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Important cost of living dates that could hit your pocket during 2022

today30 August 2022 1

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The cost of living crisis has been hitting families’ bank accounts for months and things are only expected to get worse as we head into winter and people have to start using their heating. Now the new energy price cap has been announced, there’s more to come in terms of financial struggles as we head towards the autumn and winter months, leading up to Christmas.

The first of these money-draining events that are guaranteed to add to people’s financial worries are children going back to school, with parents facing the usual task of getting new uniforms and shoes in time for the new school year, reports Staffordshire Live.

In 2020, the average cost of a uniform for secondary schools was £337 and £315 for primary schools, according to figures released by The Children’s Society charity. A new law to protect parents in England from unnecessary school uniform costs will come into effect this September.

READ MORE: Latest news on the Cost of Living crisis by Derbyshire Live

The idea behind that is to prevent families from having to shell out on too many branded items, however, schools which need to find a new supplier have until September 2023 to introduce those changes. Here are some more upcoming changes which could make money even tighter for families for the rest of the year, according to research carried out by the BBC.

September 5 – New Prime Minister announced

Former Foreign Secretary Liz Truss and chancellor Rishi Sunak are fighting it out to become the country’s new Prime Minister. Mrs Truss has pledged to immediately reverse the rise in National Insurance while Mr Sunak has promised more money to help with energy bills depending on the extent of price rises.

September 15 – Interest rates could see mortgage payments rise

The Bank of England raised interest rates to 1.75 per cent in August and the thought is they will go up again, with suggestions being as high as 2.25 per cent. This would mean a £250,000 standard mortgage, paid back over 25 years, would cost an extra £30 per month.

September 20 – Disability claimants to receive one-off payment

People on disability benefits will receive a one-off cost-of-living payment of £150 from September 20. More than eight million low-income households on means-tested benefits will also receive £324 – the second instalment of a cost-of-living payment – this autumn.

The first instalment of £326 was made in July and those on tax credits will have to wait longer, as the first payment will be in the autumn and the second instalment during the winter. A similar one-off payment for elderly people will also be paid in November or December.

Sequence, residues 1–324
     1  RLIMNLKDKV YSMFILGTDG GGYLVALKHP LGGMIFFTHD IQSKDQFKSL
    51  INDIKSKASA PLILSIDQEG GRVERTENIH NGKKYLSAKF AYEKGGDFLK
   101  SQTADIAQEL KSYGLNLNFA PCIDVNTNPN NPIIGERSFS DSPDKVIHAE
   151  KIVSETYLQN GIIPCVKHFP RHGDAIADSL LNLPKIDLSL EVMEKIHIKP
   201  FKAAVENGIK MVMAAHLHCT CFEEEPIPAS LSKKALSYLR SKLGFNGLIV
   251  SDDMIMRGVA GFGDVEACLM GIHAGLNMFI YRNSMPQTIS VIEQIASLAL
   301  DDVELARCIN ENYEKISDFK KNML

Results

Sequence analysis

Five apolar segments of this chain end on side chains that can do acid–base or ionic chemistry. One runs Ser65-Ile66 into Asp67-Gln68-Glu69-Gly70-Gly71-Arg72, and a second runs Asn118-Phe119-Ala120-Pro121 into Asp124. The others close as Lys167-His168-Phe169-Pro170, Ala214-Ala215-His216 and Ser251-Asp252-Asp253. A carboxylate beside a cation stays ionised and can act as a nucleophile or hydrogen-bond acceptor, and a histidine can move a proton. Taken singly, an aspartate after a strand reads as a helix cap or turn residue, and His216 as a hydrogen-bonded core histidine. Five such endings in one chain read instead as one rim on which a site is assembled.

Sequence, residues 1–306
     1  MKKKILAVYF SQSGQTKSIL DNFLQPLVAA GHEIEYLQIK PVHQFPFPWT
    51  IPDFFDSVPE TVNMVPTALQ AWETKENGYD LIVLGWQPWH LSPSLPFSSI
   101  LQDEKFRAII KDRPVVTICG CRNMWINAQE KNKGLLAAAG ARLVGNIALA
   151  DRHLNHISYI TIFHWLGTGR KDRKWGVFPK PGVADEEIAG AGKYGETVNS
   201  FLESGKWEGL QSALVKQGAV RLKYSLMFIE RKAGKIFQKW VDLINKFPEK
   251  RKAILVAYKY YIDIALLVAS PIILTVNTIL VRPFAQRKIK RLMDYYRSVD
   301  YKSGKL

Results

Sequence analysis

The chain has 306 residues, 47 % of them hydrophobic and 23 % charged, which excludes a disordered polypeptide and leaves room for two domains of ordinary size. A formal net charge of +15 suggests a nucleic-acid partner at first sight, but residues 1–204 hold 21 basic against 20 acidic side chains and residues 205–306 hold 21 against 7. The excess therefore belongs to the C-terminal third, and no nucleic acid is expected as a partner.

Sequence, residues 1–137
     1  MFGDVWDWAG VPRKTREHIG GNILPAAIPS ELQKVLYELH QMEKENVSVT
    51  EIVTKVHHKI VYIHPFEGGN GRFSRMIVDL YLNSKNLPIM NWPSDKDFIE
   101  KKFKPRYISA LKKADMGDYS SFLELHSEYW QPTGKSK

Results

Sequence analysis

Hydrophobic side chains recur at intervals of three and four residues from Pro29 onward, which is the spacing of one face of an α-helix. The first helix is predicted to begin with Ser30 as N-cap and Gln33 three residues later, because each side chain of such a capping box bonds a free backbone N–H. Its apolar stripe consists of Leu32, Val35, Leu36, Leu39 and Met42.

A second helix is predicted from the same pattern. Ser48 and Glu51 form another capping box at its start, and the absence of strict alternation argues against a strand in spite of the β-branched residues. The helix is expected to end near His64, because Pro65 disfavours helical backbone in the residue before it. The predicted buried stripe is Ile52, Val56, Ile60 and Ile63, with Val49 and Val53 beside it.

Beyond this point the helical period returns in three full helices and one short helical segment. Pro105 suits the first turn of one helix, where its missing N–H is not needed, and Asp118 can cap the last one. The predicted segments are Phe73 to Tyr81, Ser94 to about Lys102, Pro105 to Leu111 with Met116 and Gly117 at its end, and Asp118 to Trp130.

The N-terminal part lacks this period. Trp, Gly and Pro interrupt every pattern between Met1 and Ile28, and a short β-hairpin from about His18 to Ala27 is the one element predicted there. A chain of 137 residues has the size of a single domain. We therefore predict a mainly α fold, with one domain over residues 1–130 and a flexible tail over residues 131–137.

October 1 – New energy price caps to be introduced

The price cap announced at the end of August will come into effect in October, taking a typical bill to £3,549 a year. The cap is the maximum amount suppliers can charge customers in England, Scotland and Wales for each unit of energy, and is meant to protect customers from short-term price spikes.

But because electricity and gas prices are going up at the moment, the cap is set to go up, too. However, the first instalment of the government’s £400 energy rebate will start to arrive about now, with a discount of £66 or £67 able to be applied for by households every month until March 2023.

November 3 – Further decisions to be made on interest rates

Another rise in interest rates could well be on the cards due to continuing inflation and economic growth. The Bank of England forecasts inflation to top 13 per cent by the end of the year and predicts a long recession, with other forecasters saying inflation could hit 18 per cent next year.

November 24 – Price cap announcement expected to be made

Originally the energy price cap changed every six months, but Ofgem has now said it will change every three months so price rises and falls will be passed on to customers more quickly. Current predictions say the price cap could go up again – this time to over £4,500.

December 15 – Further decisions to be made on interest rates

Yet another interest rate rise could come at the end of the year. The Bank of England will assess the impact of its previous actions, but most forecasters expect interest rates to rise to 3 per cent next year, with some saying they could go as high as 4 per cent.

December – Christmas spending

December is always a tight month for people as presents are added on top of already tight budgets. Christmas Eve is typically the biggest shopping day of the year, apart from Black Friday – the last Friday in November.

December – Rail fare increase announced

The government announced earlier this month that regulated train fares in England will rise below the rate of inflation next year, though it has not confirmed what the exact figure will be. The rise will come into effect in March 2023.

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